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Nanodot-based memory hits new world speed record

by Mark Tyson on 19 April 2012, 16:32

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Research published in the American Institute of Physics (AIP) journal details a new electronic memory technology capable of writing and erasing data up to 100X faster than currently used charge-storage memory products. Researchers from Taiwan National Nano Device Laboratories and University of California, Berkeley worked together on the project. The researchers describe the memory as “ultrafast metal-gate silicon quantum-dot (Si-QD) non-volatile memory (NVM)”.

To make the new memory device a layer of silicon nanodots, 3nm in diameter, is overlaid with a thin metallic layer controlling the on and off states of each dot. A precise laser fires to charge or remove charge from a dot under the metal layer, changing its state to on or off. In this way each nanodot is equivalent to a single memory bit. The use of the thin metal layer is an established technology in CMOS memory but its application combined with silicon nanodots is new.

 

Hsinchu Science Park, Taiwan

Hsinchu Science Park, Taiwan

 

Research co-author Jia-Min Shieh, from National Nano Device Laboratories, Hsinchu, Taiwan said: “Our system uses numerous, discrete silicon nanodots for charge storage and removal. These charges can enter (data write) and leave (data erase) the numerous discrete nanodots in a quick and simple way. The materials and the processes used for the devices are also compatible with current main-stream integrated circuit technologies.”

The speed of the data writing and erasure was demonstrated using ultra short precise bursts of green laser light. Devices using current CMOS technology will be able to have component upgrades using the new tech, suggested the researchers. The data storage provided by the process is also said to be robust, stable and long lasting because of the low thermal damage and efficient charge trapping/de-trapping of the silicon nanodots.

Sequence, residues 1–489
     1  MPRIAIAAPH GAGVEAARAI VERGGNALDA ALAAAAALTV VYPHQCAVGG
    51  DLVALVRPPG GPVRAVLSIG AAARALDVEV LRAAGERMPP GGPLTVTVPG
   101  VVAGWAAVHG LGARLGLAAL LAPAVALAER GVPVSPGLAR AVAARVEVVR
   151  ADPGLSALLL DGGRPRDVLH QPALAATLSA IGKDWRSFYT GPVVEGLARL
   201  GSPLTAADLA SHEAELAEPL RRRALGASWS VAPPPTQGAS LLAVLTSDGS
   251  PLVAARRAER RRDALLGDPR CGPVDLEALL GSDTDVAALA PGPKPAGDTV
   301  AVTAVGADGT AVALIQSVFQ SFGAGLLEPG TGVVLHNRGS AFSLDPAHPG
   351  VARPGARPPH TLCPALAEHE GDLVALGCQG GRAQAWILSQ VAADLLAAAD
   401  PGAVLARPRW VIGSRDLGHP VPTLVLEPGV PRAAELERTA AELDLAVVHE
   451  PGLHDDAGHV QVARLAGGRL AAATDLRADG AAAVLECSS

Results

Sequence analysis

Having a precise green laser in memory card using devices sounds expensive compared to current tech. If that is indeed the only way this new tech will work. It will be interesting to see what the technology and faster speeds achievable are actually used for.



HEXUS Forums :: 6 Comments

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As much as I like stories like these, giving us an insight into future technology, the research they describe rarely seems to lead to consumer products.

Variously, I recall:

- DVDs made of paper that can hold 25GB
- Hard drives based on electron spin
- Optical transistors

Perhaps I'm too impatient. Regardless, it's a good informative article.
True. I remember when someone told me not to buy a new 2TB disk, because “quantum disks holding 100 times that are coming out”.

I'm glad I bought that 2TB disk.
Have Nano! in your research grant = more money.
It is all well and good increasing CPU and essentially RAM mentioned in this artical but data storage is still way behind and even with a top end SSD is still the slowest component in any system.
J3FFW1SH
It is all well and good increasing CPU and essentially RAM mentioned in this artical but data storage is still way behind and even with a top end SSD is still the slowest component in any system.
This tech would mean SSD's 100 times faster than current speeds…